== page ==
A New Model: Hooray or Nay?

I got an email recently from The Radar Festival about a new initiative they’ve launched. Here’s the gist of it straight from the horse’s mouth:

Pitch to make a promo for one of Coke Music’s top four bands and you could win a £1,000 production budget to make it, plus worldwide promotion and revenue sharing distribution!!!

Coke Music have selected tracks from their 4 top bands for the Radar music promo competition. The bands have also been selected to showcase at In The City later this month; links to their tracks are on our Radar site.

If you’re selected, you’ll get a £1,000 ($2k/1440euro/239k yen)production budget and your promo will be promoted worldwide by Coke Music, Radar, you and and the band. Your promo will get an evaluation from a music industry journalist and your promo will also be distributed to key revenue sharing sites, earning you more income.

The Radar Festival describes this as a new model, although it’s basically the same idea that onedotzero and MTV used for their Bloom competition. Radar plans on extending this idea to other brands; Coke Music is just their first partner.

The Good

The positives of this approach are pretty obvious: Clients get pitches from a wide range of international talent that they wouldn’t have access to using more traditional pitch practices. Filmmakers potentially get exposure and experience with little initial investment. They need only write a treatment.

Sounds like a win-win deal, right?

The Bad

If your treatment is selected, you only get a $2000 USD for production. Granted, music video budgets are often abysmally small and/or non-existent. But competitions like this aren’t exactly helping things, are they?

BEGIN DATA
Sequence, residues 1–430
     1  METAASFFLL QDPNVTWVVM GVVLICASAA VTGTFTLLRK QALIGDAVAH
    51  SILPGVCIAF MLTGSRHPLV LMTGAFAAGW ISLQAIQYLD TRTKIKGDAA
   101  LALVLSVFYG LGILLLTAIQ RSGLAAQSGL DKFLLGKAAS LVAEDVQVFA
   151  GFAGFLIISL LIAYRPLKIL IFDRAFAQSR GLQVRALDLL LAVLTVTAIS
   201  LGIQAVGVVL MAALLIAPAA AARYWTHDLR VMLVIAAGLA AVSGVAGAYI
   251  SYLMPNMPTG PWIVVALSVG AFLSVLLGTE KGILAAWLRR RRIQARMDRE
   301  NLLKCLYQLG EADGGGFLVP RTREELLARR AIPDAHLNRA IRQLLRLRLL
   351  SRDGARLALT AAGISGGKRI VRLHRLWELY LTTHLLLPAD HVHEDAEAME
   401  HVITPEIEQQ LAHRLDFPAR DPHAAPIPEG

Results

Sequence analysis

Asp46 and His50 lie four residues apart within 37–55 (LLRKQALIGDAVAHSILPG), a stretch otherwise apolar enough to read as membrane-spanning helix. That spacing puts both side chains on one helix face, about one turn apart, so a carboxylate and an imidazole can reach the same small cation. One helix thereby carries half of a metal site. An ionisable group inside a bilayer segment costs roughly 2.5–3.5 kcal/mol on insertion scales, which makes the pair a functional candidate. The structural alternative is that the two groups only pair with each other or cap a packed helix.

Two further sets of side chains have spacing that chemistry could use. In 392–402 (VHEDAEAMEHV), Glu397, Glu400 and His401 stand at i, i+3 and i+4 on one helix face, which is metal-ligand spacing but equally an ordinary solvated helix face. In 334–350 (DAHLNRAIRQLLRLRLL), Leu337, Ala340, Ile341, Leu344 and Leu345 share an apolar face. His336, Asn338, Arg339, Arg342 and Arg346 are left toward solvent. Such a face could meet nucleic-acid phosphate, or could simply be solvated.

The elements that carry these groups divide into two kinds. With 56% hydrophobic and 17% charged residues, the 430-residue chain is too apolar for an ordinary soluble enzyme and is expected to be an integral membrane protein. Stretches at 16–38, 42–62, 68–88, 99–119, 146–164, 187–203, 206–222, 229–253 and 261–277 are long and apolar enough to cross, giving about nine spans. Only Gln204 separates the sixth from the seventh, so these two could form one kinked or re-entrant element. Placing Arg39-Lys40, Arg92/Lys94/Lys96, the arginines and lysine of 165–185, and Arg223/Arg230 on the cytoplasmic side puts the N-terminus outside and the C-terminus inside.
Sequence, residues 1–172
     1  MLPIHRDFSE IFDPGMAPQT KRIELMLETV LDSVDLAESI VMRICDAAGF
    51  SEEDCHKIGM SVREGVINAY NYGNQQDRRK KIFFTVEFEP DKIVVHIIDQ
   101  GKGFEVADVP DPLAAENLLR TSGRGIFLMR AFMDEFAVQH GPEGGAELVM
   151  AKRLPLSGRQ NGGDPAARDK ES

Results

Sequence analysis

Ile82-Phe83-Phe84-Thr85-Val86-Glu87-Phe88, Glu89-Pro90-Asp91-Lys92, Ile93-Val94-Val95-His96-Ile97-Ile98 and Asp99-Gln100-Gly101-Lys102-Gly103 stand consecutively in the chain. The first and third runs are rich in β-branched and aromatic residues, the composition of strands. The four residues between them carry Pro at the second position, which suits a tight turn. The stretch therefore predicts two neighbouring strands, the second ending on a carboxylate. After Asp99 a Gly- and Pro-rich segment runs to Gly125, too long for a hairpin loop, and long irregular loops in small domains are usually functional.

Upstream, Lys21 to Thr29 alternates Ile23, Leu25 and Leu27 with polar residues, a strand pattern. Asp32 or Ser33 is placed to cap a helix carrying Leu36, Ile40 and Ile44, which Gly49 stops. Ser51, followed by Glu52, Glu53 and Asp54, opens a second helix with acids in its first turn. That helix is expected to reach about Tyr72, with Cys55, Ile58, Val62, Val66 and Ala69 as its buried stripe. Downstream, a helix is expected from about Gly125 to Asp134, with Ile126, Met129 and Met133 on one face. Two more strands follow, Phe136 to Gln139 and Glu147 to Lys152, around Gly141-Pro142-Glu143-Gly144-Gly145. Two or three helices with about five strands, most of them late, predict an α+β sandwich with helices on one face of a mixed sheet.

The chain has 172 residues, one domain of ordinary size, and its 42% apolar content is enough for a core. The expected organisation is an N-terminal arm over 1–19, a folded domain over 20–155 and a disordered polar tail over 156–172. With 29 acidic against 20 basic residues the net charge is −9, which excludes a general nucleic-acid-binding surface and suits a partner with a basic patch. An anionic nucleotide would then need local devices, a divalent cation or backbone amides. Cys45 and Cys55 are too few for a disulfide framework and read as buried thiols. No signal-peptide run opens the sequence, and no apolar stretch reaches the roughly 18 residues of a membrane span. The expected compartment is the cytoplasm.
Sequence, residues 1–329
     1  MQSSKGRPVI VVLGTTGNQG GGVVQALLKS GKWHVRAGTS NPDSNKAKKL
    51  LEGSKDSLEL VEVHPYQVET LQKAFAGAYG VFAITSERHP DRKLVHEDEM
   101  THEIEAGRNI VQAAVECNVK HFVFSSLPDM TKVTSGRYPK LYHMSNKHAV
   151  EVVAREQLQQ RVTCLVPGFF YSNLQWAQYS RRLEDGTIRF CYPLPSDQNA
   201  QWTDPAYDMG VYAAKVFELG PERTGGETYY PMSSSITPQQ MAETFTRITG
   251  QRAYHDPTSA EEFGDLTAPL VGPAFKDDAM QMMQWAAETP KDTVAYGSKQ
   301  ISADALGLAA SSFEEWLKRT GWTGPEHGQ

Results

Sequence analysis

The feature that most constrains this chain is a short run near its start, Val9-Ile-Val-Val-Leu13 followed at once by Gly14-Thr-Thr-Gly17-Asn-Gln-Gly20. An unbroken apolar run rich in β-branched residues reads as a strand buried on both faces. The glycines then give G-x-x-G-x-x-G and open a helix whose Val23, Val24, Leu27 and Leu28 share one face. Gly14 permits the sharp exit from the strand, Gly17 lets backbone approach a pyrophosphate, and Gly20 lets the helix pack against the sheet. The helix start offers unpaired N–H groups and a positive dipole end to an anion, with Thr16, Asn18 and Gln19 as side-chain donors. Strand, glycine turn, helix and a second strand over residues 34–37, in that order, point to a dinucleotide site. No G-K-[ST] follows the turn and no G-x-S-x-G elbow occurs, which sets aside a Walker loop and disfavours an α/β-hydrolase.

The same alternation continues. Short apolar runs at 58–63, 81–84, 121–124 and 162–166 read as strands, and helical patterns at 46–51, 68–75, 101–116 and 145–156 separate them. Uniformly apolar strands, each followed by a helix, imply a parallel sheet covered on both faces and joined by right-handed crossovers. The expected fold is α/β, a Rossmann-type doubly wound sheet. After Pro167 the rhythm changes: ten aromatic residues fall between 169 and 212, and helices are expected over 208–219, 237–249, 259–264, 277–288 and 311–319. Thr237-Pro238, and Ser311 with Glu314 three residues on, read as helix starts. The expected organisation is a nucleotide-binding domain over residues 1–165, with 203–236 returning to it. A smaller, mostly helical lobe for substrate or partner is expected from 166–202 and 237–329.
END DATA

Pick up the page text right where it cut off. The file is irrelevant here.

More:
Having said that, the revenue split that Radar proposes seems fair. From the terms and conditions:

Most sites will account to Radar on a quarterly basis as long as minimum income levels have been reached. Radar will account to you a month after receiving statements from distributors and will pay any revenues due via paypal. Your revenue % split is 42.5% of received revenues, after any costs of reproduction or third part copyrights. Radar receives 15% and the Artists 42.5% of received revenues after the same costs.

Who knows what kind of real dollars that means, but at least winners get 42.5% of the revenue. There’s some vagueness about the accounting methods, but I’m sure if you pressed them Radar would produce a satisfactory paper trail of some sort.

If this model extends beyond the reach of music videos to include advertising, like Current’s VCAM project, then the issue of authorship jumps to the foreground. By submitting a treatment, the client is essentially receiving a deluge of ideas free of charge. What’s to stop the client from letting one of these ideas simmer for use in a later, separate campaign without proper credit and/or payment being given to the original pitch author? (Sound familiar?)